Search GSSD

Why nuclear energy is sustainable and has to be part of the energy mix

Humanity must face the reality that it cannot depend indefinitely on combustion of coal, gas and oil for most of its energy needs. In the unavoidable process of gradually replacing fossil fuels, many energy technologies may be considered and most will be deployed in specific applications. However, in the long term, we argue that nuclear fission technology is the only developed energy source that is capable of delivering the enormous quantities of energy that will be needed to run modern industrial societies safely, economically, reliably and in a sustainable way, both environmentally and as regards the available resource base. Consequently, nuclear fission has to play a major role in this necessary transformation of the 21st century energy-supply system. In a first phase of this necessary global energy transformation, the emphasis should be on converting the major part of the world's electrical energy generation capacity from fossil fuels to nuclear fission. This can realistically be achieved within a few decades, as has already been done in France during the 1970s and 1980s. Such an energy transformation would reduce the global emissions of carbon dioxide profoundly, as well as cutting other significant greenhouse gases like methane. Industrial nations should take the lead in this transition. Because methane is a potent greenhouse gas, replacing coal-fired generating stations with gas-fired stations will not necessarily result in a reduction of the rate of greenhouse-gas emission even for relatively low leakage rates of the natural gas into the atmosphere. The energy sources popularly known as ‘renewables’ (such as wind and solar), will be hard pressed to supply the needed quantities of energy sustainably, economically and reliably. They are inherently intermittent, depending on backup power or on energy storage if they are to be used for delivery of base-load electrical energy to the grid. This backup power has to be flexible and is derived in most cases from combustion of fossil fuels (mainly natural gas). If used in this way, intermittent energy sources do not meet the requirements of sustainability, nor are they economically viable because they require redundant, under-utilized investment in capacity both for generation and for transmission. Intermittent energy installations, in conjunction with gas-fired backup power installations, will in many cases be found to have a combined rate of greenhouse-gas emission that is higher than that of stand-alone coal-fired generating stations of equal generating capacity. A grid connection fee, to be imposed on countries with a large intermittent generating capacity, should be considered for the purpose of compensating adjacent countries for the use of their interconnected electric grids as back-up power. Also, intermittent energy sources tend to negatively affect grid stability, especially as their market penetration rises. The alternative — dedicated energy storage for grid-connected intermittent energy sources (instead of backup power) — is in many cases not yet economically viable. However, intermittent sources plus storage may be economically competitive for local electricity supply in geographically isolated regions without access to a large electric grid. Yet nuclear fission energy will, even then, be required for the majority displacement of fossil fuels this century.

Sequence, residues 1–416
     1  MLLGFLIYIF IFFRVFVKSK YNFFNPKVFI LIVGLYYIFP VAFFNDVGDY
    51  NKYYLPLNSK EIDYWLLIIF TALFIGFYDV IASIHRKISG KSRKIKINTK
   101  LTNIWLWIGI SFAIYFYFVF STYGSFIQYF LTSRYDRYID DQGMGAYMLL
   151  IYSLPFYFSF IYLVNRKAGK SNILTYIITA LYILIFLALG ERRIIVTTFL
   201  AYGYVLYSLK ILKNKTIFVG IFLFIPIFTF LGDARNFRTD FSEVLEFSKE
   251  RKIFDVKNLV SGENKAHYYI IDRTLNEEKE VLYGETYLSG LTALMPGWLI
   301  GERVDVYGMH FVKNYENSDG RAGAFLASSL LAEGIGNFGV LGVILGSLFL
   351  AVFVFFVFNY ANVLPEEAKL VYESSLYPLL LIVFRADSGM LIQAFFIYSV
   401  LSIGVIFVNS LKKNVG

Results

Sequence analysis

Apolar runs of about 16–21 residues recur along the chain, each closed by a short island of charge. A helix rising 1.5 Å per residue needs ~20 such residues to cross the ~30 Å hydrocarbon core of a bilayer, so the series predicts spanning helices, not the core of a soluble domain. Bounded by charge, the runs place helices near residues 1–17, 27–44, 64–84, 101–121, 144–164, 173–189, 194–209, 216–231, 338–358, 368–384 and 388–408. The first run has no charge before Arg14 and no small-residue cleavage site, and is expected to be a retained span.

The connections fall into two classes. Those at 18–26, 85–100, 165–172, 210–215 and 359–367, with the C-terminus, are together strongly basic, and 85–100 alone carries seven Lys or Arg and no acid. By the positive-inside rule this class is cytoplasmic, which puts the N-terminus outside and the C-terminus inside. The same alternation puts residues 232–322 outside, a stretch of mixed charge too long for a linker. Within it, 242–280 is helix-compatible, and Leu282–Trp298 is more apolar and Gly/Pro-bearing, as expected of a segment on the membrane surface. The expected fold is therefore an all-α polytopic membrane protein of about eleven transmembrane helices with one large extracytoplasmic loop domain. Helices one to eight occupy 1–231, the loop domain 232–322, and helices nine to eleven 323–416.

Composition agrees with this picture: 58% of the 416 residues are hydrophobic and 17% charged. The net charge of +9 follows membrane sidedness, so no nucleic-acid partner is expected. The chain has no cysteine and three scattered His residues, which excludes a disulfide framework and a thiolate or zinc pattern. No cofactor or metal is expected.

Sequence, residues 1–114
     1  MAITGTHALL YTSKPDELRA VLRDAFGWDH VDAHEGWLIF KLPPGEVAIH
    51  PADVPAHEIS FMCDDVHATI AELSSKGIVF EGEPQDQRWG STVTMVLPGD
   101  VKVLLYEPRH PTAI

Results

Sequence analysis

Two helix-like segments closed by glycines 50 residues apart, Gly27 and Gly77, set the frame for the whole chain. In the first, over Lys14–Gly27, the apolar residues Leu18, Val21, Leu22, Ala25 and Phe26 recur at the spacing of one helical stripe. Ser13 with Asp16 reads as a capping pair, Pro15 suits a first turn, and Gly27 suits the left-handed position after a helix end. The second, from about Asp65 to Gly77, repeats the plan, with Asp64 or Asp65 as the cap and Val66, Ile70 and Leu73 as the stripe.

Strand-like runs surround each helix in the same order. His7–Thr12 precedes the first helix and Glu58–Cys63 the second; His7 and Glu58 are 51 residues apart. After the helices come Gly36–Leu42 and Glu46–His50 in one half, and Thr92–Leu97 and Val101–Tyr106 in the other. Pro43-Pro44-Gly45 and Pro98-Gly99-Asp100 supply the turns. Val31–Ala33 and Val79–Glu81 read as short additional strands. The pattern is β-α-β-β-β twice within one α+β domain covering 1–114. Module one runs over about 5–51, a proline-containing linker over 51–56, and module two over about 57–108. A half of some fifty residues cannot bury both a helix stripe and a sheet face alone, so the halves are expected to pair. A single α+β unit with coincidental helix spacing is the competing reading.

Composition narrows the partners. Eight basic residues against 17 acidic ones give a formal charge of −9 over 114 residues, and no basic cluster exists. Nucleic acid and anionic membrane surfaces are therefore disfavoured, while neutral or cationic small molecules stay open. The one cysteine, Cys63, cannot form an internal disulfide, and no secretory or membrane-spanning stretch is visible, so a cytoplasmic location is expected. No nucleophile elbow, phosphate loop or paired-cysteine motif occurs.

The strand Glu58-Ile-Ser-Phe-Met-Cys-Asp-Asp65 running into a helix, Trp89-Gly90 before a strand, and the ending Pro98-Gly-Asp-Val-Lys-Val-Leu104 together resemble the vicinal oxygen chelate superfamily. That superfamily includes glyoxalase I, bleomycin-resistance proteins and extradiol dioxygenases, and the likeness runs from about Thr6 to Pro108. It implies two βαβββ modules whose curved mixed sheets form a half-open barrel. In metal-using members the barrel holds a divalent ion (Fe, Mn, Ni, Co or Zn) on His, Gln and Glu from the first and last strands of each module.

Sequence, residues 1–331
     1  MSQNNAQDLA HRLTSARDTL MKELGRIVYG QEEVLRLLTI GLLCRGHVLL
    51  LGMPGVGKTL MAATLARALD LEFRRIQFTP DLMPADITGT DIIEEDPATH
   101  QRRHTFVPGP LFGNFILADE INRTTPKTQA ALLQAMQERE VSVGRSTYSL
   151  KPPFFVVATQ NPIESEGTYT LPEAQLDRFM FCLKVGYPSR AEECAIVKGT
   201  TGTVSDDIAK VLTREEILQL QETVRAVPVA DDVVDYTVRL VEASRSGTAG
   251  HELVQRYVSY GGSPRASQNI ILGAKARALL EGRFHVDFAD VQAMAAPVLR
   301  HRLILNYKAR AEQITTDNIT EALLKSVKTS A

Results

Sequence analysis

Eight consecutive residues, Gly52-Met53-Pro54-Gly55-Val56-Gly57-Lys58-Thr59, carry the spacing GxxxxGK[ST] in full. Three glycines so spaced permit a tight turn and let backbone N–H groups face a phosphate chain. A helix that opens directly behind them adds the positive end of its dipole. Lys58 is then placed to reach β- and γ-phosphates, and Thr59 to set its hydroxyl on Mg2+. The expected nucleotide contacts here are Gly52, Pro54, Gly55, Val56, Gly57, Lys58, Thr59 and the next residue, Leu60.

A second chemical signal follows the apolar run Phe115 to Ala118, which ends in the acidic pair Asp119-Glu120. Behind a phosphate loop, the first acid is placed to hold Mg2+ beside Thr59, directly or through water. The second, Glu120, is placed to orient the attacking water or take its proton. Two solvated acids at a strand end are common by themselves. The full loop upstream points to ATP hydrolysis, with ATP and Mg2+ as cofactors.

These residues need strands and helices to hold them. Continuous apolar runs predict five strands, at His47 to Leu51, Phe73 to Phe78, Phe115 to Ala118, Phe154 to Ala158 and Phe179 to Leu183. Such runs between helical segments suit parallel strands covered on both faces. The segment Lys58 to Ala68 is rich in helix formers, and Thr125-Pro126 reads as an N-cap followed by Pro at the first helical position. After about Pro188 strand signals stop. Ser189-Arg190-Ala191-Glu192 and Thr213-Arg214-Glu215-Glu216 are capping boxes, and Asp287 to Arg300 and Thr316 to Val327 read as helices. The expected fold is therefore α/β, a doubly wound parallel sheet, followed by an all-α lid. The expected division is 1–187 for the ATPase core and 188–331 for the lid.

Barry Brook, Augstin Alonso, Daniel Meneley, Jozef Misak, Tom Blees, Jan van Erp
Domains-Issue Area: 
Industry Focus: 
Bibliographies & Reports